One of Hawaii’s best swimming beaches and frequently ranked among the world’s nicest beaches, the dreamy Lanikai Beach is a hidden gem known for its soft sands and aquamarine/blue water massaged by gentle onshore trade winds.
About half of this now half-mile long beach on Oahu’s windward coast has disappeared in recent years due to seawalls built along the shore, so perhaps you should enjoy what is left while you can. The postcard perfect beach is like a saltwater swimming pool. Lanikai means “heavenly sea,” and aptly describes these crystal azure waters nestled in fine white sparkling sand and swaying palms, and with an offshore reef that keeps the water near shore very calm.
Having lured many models and photographers over the years, Lanikai is a very popular spot for photo shoots. No surprise considering the breathtaking scenery and surreal surroundings that the locale has to offer.
Swimming, snorkeling, sailing, windsurfing, kayaking, sunbathing.
The protected lagoon at Lanikai Beach is like a big, tropical swimming pool making it good for children. Nearshore reefs allow for good snorkeling without having to worry about being too far offshore. Reef fish and sea turtles are commonly seen.
A popular adventure is paddling kayaks to the scenic offshore islands of Mokulua (Two Islands) which are seabird sanctuaries. The larger island is about about one mile off the south end of Lanikai Beach and is up-current and upwind so only experienced kayakers should attempt this due to potential strong currents and high surf.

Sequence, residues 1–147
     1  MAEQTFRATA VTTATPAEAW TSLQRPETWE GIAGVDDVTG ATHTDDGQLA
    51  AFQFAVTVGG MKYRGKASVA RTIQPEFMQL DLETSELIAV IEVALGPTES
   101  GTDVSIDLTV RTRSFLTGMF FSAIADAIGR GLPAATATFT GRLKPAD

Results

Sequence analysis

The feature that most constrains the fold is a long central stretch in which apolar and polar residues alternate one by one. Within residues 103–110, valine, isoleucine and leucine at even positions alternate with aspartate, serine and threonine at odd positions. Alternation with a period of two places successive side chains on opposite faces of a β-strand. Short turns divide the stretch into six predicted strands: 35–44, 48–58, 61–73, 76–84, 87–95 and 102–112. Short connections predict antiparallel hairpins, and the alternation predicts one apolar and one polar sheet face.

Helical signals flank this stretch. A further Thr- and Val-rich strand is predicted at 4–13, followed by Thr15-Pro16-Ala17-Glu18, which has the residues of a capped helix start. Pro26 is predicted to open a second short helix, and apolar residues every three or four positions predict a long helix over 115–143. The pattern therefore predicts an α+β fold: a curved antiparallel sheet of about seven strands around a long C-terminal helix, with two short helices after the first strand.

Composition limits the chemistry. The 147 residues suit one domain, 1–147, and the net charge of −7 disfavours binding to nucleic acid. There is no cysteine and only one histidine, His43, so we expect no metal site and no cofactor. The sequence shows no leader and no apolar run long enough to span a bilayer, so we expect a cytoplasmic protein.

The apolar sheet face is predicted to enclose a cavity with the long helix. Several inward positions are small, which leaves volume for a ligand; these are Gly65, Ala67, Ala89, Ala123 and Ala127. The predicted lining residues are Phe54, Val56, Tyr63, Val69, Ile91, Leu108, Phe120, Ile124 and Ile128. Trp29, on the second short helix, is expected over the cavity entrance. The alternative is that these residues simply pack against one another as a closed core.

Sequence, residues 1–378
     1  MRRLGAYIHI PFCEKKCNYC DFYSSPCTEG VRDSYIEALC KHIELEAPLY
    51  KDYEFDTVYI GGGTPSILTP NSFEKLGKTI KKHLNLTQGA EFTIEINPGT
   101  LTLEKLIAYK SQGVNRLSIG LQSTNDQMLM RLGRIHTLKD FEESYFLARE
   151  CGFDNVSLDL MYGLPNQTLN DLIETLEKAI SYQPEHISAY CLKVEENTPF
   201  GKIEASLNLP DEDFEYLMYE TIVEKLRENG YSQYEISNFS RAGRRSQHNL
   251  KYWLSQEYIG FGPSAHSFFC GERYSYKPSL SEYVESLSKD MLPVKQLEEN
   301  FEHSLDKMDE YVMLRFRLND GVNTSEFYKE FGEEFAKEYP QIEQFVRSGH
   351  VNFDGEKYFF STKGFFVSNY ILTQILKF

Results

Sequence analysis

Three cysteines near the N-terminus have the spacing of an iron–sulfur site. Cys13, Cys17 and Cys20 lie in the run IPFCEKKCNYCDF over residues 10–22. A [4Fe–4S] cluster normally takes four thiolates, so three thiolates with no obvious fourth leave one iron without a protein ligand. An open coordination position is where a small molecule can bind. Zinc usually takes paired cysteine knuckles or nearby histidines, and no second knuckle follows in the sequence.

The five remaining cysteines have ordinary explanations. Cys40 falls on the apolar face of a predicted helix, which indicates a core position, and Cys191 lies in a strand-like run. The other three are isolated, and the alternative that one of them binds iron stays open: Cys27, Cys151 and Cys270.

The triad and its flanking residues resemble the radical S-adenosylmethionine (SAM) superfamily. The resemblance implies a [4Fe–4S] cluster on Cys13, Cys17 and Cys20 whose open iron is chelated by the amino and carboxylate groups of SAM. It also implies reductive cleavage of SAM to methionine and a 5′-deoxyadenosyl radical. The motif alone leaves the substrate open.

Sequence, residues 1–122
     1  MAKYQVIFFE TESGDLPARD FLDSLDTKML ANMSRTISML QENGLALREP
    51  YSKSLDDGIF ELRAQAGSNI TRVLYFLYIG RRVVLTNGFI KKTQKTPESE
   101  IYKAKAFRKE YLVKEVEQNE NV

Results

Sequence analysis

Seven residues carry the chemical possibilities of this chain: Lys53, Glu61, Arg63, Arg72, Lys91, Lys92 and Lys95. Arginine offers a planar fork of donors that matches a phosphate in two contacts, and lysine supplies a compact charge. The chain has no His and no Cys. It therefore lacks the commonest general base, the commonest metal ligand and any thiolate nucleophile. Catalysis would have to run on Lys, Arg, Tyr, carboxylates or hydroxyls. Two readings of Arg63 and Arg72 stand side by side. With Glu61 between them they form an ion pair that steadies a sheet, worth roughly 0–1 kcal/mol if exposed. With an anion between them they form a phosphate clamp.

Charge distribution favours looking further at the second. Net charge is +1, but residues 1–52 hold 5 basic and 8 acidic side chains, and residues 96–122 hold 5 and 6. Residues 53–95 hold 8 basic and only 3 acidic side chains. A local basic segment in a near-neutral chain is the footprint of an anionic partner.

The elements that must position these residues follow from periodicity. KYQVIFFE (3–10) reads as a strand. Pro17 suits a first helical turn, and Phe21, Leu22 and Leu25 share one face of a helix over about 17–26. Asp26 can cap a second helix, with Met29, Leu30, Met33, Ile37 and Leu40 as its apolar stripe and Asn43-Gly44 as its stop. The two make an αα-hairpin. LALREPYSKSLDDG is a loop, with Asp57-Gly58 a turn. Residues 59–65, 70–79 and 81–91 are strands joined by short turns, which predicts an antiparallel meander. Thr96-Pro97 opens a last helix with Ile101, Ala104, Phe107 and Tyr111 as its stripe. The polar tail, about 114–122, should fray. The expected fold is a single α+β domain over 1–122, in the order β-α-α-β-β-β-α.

Need to Know
Lots of colorful fish can be seen amidst the coral reefs, with the best snorkeling in the area between Mokumanu Drive and Haokea Drive. The best place to launch a kayak is at the far end at Laniko Drive. The prevailing onshore tradewinds make Lanikai a great sailing and windsurfing beach. The Koolau mountains block the afternoon sun so come early for sunbathing.
In the Hawaiian language, Lanikai literally means “royal sea” or “heavenly sea.” However, people believe that its real name is actually Kaohao, which means “the tying.” Legend says that there once was a high chief named Hauna, who used to beat up two women in Konane. Hauna took the women and tied them together with a loincloth and led them to the beach where the canoes were. Eventually the name Kaohao was given to the beach because of the incident that took place.
From Kailua take the Pali Highway to where it becomes Kailua Road. Turn right on Kalaheo Ave. and drive along the coast about two miles. After passing Kailua Beach Park turn left at the T-intersection and go uphill on Aalapapa Drive which loops back as Mokulua Drive. Park where you can on Mokulua Drive and take one of the eight public access paths to the beach.
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